(19)
(11)EP 3 647 768 A1

(12)EUROPEAN PATENT APPLICATION

(43)Date of publication:
06.05.2020 Bulletin 2020/19

(21)Application number: 19202198.8

(22)Date of filing:  09.10.2019
(51)Int. Cl.: 
G01N 17/04  (2006.01)
(84)Designated Contracting States:
AL AT BE BG CH CY CZ DE DK EE ES FI FR GB GR HR HU IE IS IT LI LT LU LV MC MK MT NL NO PL PT RO RS SE SI SK SM TR
Designated Extension States:
BA ME
Designated Validation States:
KH MA MD TN

(30)Priority: 18.10.2018 US 201816164079

(71)Applicant: Nokia Technologies Oy
02610 Espoo (FI)

(72)Inventor:
  • XU, Chen
    Warren, NJ New Jersey 07059 (US)

(74)Representative: Nokia EPO representatives 
Nokia Technologies Oy Karakaari 7
02610 Espoo
02610 Espoo (FI)

  


(54)PLACEMENT OF DAMAGE SENSORS IN AN AIR-TEMPERATURE-MANAGED EQUIPMENT ENCLOSURE


(57) A temperature-managed equipment enclosure, wherein the fans are configured to draw air from the environment, and wherein damage sensors are distributed in a nonuniform and/or targeted manner. In an example embodiment, most of the damage sensors may be placed within a relatively narrow zone downstream from the cooling fans. In some embodiments, a relatively large percentage of the damage sensors may be placed in the areas characterized by one or more of the following: (i) relatively high linear velocity of the airflow; (ii) turbulent airflow; and (iii) a certain range of angles of impingement of airflow on the equipment surfaces. Advantageously, the disclosed placement of damage sensors can be used to enhance the ability to detect environmentally induced equipment damage with high sensitivity and/or certainty.




Description

BACKGROUND


Field



[0001] The present disclosure relates to electrical equipment having sensors for estimating damage thereto.

Description of the Related Art



[0002] This section introduces aspects that may help facilitate a better understanding of the disclosure. Accordingly, the statements of this section are to be read in this light and are not to be understood as admissions about what is in the prior art or what is not in the prior art.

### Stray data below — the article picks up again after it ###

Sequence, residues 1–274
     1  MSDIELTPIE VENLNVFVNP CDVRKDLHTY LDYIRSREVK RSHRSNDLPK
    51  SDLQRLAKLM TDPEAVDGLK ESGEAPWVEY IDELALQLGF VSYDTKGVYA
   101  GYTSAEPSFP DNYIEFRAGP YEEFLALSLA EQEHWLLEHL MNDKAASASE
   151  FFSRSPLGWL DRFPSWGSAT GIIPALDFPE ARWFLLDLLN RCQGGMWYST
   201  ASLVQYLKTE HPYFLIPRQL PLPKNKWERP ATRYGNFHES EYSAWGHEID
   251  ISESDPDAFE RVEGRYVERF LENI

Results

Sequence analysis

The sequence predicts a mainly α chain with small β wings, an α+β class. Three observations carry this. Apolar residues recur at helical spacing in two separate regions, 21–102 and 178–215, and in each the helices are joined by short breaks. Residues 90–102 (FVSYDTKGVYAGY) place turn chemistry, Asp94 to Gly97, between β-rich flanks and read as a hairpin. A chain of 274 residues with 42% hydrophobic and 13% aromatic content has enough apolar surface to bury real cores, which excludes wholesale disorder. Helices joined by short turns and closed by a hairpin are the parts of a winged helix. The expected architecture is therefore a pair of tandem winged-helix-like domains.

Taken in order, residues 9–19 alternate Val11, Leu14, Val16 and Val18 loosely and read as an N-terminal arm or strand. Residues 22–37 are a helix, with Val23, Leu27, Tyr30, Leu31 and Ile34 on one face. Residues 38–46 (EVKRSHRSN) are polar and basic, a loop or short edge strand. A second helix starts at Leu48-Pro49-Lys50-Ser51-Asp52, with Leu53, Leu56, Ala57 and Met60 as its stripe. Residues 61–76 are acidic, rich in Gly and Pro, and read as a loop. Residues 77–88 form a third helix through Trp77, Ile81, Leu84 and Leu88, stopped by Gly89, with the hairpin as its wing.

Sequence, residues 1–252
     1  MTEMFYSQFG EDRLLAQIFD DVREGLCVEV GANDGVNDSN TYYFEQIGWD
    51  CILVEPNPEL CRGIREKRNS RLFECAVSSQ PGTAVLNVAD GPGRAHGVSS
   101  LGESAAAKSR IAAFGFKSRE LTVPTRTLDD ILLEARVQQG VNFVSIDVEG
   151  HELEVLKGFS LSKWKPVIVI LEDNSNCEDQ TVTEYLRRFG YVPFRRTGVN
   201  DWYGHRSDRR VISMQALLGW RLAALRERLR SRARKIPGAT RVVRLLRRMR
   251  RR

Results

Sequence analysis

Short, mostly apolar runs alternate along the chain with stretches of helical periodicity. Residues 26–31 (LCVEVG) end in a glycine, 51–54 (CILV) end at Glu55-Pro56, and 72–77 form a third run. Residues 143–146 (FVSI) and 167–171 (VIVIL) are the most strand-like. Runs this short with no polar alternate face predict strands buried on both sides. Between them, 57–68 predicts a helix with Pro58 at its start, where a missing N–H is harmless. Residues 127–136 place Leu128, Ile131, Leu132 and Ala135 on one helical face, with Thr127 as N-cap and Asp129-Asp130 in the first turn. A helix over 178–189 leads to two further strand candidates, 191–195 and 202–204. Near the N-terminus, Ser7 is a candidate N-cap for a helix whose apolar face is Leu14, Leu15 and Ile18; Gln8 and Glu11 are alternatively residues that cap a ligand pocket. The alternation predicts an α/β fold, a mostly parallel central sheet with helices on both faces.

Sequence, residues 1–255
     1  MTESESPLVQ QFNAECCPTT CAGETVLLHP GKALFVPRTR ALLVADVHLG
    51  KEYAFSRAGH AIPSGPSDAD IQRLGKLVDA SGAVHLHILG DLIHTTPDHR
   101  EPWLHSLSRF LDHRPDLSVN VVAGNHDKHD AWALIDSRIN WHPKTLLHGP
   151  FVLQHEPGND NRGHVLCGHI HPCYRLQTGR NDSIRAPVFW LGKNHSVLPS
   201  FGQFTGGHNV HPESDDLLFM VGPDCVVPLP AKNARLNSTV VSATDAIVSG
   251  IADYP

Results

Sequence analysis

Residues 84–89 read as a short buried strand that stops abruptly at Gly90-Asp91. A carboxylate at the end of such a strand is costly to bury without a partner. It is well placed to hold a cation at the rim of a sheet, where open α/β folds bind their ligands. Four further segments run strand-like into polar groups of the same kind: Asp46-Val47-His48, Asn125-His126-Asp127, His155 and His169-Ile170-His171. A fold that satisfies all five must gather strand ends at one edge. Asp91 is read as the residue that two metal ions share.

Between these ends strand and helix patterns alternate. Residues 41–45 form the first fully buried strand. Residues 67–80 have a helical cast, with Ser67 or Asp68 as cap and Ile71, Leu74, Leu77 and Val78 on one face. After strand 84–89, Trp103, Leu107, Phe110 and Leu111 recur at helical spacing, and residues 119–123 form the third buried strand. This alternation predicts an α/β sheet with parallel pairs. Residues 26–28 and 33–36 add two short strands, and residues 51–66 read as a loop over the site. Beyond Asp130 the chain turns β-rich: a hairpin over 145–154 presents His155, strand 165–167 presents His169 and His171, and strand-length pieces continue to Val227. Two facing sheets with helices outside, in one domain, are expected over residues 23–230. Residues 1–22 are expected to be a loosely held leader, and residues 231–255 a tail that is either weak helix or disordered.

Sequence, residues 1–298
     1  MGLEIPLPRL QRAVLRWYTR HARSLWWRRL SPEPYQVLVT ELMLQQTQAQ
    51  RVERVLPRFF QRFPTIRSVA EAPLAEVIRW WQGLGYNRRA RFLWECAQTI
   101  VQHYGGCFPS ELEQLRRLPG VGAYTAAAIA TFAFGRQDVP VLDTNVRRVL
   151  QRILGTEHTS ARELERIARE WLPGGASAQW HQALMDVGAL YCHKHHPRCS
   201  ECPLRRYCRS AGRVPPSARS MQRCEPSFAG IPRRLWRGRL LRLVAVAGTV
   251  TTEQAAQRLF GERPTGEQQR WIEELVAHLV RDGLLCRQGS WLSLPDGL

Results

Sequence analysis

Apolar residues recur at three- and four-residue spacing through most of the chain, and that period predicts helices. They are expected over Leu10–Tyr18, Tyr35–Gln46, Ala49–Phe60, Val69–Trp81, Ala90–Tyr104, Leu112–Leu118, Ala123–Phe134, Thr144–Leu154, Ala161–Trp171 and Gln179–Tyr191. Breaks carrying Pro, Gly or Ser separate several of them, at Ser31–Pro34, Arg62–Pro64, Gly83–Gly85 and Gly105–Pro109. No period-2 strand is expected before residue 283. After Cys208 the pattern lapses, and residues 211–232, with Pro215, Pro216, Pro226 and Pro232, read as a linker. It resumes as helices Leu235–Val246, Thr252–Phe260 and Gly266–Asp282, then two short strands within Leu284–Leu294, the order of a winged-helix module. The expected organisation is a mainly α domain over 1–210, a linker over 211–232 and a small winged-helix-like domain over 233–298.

[0003] Environmental conditions can have a drastic effect on the reliability and performance of electrical circuits, such as those used in the telecom equipment deployed in geographic regions characterized by harsh environments. For example, the adverse effects of exposure to extreme temperatures, high humidity, atmospheric dust, and corrosive agents can cause some electrical circuits to fail. It is therefore desirable to have a system in place that can estimate the working condition of environmentally exposed circuits and warn the equipment operator when a remedial action appears to be justified.

SUMMARY OF SOME SPECIFIC EMBODIMENTS



[0004] Disclosed herein are various embodiments of electrical equipment that may have: (i) cooling fan(s) to produce an airflow over electrical circuits by drawing air from the environment and (ii) damage sensors distributed in a non-uniform and/or targeted manner therein. In an example embodiment, one or more damage sensors may be placed within a narrow airflow zone, downstream from the cooling fans. In some embodiments, the placement of the damage sensor(s) may be characterized by one or more of the following: (i) the damage sensor(s) receive relatively high velocity airflow; (ii) the damage sensor(s) receive a turbulent portion of the airflow; and (iii) the damage sensor(s) receive a part of the airflow with a limited range of angles of impingement. Advantageously, such a placement of the damage sensor(s) can enhance the ability to detect environmentally induced equipment damage, e.g., with high sensitivity and/or certainty, as compared to said ability for the electrical equipment in which said damage sensor(s) are not so placed.